829 F2d 702 American Insurance Company v. Cs McCrossan Inc

829 F.2d 702

The AMERICAN INSURANCE COMPANY, a New Jersey Corporation,
C.S. McCROSSAN, INC., a Minnesota Corporation, Midwest
Pipecoating, Inc., a Minnesota Corporation,

No. 85-5355 MN.

United States Court of Appeals,
Eighth Circuit.

Submitted June 12, 1986.
Decided Sept. 30, 1987.
Rehearing and Rehearing En Banc Denied Nov. 11, 1987.

Thomas J. Rooney, St. Paul, Minn., for defendants-appellants.

Dan K. Prochnow, Golden Valley, Minn., for plaintiff-appellee.

Before JOHN R. GIBSON, Circuit Judge, FAIRCHILD, Senior Circuit Judge,* and MAGILL, Circuit Judge.

FAIRCHILD, Senior Circuit Judge.

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Defendants C.S. McCrossan, Incorporated, and Midwest Pipe Coating, Incorporated (a McCrossan subsidiary) appeal from a judgment1 in favor of plaintiff, The American Insurance Company for the amount of unpaid insurance premiums, retrospectively computed.2


Plaintiff insurer had issued a general and automobile liability policy and a worker's compensation policy to defendants. The policies covered the period from August 1, 1978 to August 1, 1981. Deposit premiums were paid, but they were subject to adjustment up or down (within an agreed range) in the light of the loss experience of the insureds in accordance with a Retrospective Premium Endorsement.


The Endorsement provided for successive annual computations by the Company of a restrospective premium, and for payment by or to the Company of any difference between the premium paid and the premium retrospectively computed. The first computation would take into consideration losses valued at the end of six months after the first policy year, and similar computations would be made annually thereafter until a computation would, under circumstances specified, be deemed final.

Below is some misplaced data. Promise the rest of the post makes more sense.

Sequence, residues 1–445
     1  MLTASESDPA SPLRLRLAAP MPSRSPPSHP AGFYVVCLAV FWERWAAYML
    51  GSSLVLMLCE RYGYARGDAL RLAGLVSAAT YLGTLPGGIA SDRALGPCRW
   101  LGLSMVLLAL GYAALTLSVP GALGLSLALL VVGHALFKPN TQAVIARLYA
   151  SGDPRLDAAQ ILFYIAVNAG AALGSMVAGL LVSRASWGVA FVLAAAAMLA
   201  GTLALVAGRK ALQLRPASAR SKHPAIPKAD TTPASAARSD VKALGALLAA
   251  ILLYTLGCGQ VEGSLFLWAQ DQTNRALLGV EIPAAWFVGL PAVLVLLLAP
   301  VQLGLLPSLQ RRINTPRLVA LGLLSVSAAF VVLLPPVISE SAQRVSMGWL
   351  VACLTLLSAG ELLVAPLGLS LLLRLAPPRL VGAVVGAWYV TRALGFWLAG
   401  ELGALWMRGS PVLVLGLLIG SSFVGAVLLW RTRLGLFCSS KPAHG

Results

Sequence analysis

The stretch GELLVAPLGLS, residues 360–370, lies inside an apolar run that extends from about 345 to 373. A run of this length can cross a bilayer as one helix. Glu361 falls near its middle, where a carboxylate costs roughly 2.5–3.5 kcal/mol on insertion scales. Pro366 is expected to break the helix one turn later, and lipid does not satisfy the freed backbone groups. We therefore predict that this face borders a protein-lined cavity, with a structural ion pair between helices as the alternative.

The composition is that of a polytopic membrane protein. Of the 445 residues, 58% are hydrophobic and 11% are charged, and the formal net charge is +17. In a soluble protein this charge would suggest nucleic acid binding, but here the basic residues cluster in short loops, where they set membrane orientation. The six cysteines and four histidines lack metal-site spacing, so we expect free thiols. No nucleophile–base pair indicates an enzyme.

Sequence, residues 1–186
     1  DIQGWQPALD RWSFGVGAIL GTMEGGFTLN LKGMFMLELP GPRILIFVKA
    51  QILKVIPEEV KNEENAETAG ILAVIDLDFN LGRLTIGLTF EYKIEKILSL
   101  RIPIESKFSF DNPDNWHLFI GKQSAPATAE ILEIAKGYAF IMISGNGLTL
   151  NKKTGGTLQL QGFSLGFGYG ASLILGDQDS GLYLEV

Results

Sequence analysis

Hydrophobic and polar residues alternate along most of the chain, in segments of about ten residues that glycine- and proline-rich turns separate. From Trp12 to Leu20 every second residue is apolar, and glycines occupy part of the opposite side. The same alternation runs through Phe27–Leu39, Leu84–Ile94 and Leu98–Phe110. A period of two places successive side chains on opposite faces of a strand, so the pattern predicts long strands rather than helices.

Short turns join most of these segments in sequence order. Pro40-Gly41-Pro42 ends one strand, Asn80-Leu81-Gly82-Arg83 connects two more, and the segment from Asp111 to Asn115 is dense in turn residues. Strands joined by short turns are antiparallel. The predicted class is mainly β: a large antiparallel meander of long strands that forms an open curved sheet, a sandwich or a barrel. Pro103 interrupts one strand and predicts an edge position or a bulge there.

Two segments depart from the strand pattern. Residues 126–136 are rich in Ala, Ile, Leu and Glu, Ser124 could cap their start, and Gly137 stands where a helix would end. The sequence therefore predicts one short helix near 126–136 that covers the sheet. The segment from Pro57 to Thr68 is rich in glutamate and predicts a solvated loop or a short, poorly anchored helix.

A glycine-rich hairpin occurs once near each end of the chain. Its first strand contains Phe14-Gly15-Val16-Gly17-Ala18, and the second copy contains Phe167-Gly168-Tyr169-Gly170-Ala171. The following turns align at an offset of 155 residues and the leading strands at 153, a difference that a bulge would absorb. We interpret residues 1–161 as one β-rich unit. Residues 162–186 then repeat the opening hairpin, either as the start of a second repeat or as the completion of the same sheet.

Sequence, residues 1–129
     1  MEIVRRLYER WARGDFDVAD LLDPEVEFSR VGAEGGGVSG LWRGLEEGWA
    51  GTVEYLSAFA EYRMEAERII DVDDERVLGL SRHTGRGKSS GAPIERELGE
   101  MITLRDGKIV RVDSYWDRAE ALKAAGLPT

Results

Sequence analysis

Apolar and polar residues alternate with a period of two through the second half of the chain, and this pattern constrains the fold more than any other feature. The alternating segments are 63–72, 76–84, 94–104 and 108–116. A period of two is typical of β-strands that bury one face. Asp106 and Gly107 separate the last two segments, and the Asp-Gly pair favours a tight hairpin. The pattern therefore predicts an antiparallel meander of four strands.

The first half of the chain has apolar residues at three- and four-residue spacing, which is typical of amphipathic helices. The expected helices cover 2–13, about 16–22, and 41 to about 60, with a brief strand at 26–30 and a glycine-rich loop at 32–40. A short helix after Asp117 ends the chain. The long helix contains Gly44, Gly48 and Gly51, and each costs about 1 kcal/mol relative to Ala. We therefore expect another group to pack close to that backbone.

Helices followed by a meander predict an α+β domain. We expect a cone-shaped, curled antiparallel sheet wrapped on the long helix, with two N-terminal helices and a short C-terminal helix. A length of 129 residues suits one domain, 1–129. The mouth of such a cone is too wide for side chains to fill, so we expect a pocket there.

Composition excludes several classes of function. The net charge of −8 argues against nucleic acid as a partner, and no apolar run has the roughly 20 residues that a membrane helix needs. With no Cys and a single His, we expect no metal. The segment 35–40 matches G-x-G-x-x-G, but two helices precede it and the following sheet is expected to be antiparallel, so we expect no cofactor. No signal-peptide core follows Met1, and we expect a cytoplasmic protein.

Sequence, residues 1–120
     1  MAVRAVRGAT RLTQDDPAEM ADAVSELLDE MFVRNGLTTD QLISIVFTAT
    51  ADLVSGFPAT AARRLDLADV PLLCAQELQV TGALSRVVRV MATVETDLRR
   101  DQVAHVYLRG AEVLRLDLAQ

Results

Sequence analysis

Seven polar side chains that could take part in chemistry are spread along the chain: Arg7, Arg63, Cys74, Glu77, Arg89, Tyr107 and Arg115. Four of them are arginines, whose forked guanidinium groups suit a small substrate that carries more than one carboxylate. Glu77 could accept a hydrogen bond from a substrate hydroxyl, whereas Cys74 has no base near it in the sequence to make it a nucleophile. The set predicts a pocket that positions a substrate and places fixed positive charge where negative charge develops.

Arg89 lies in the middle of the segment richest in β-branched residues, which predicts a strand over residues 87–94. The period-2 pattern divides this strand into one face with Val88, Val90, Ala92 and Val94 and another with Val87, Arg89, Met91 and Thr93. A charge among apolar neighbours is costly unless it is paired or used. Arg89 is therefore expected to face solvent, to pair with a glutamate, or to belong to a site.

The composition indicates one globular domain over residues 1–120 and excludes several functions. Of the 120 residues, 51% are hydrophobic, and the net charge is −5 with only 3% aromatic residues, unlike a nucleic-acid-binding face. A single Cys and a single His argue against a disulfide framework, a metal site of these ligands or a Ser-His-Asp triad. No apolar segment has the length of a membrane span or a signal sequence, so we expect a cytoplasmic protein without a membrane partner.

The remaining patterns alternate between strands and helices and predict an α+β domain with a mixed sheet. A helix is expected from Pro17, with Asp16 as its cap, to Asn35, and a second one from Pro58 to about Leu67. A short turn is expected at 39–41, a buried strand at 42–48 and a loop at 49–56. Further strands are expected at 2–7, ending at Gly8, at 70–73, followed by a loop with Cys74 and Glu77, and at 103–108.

The first computation (losses valued as of February 1, 1980) resulted in a return of premium to insureds of $266,137; the second (losses valued as of February 1, 1981) in a return of $143,807; the third (losses valued as of February 1, 1982), referred to as the first "full" adjustment, in a return of $252,864.


In 1983, plaintiff notified defendants of a second full adjustment, with losses valued as of February 1, 1983. This computation resulted in an additional premium to the Company of $359,632. Defendants paid $100,000. The notification of the adjustment included the statement, "FURTHER ADJUSTMENTS WILL BE MADE." In March, 1984, plaintiff notified defendants of a third full adjustment, with losses valued as of February 1, 1984. An additional premium of $210,665 resulted.


Defendants made no further payment, and in June, 1984, this action was brought.


Defendants offered no defense to the balance of the second full adjustment. They defended against the third on the basis of language in the Endorsement which they contended made the second full adjustment final, notwithstanding the accompanying notice that further adjustments would be made.

The language relied upon is:

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Such further computation [referring to the second full adjustment] shall be final unless, within ninety days from approval of such computation by the organization having jurisdiction [the National Council on Compensation Insurance], the Company requests of such organization or the insured requests of the Company that a further computation be authorized. Any subsequent computations, to be made only at intervals of twelve months, shall each be subject to a similar procedure.


The National Council is a voluntary, non-profit organization of insurance companies organized many years ago as a neutral monitor for retrospective premium plans, then an innovation. Although the Company or the insureds might have requested the National Council to verify the second full adjustment, there had been no request, no approval, and no request for authorization of a further computation, up to the time of this lawsuit. After learning that defendants relied on this particular language and claimed a breach of a condition, plaintiff requested Council approval of both the second and third full adjustments, and authorization of the third and further adjustments. All requests were granted except for insignificant reductions on account of errors.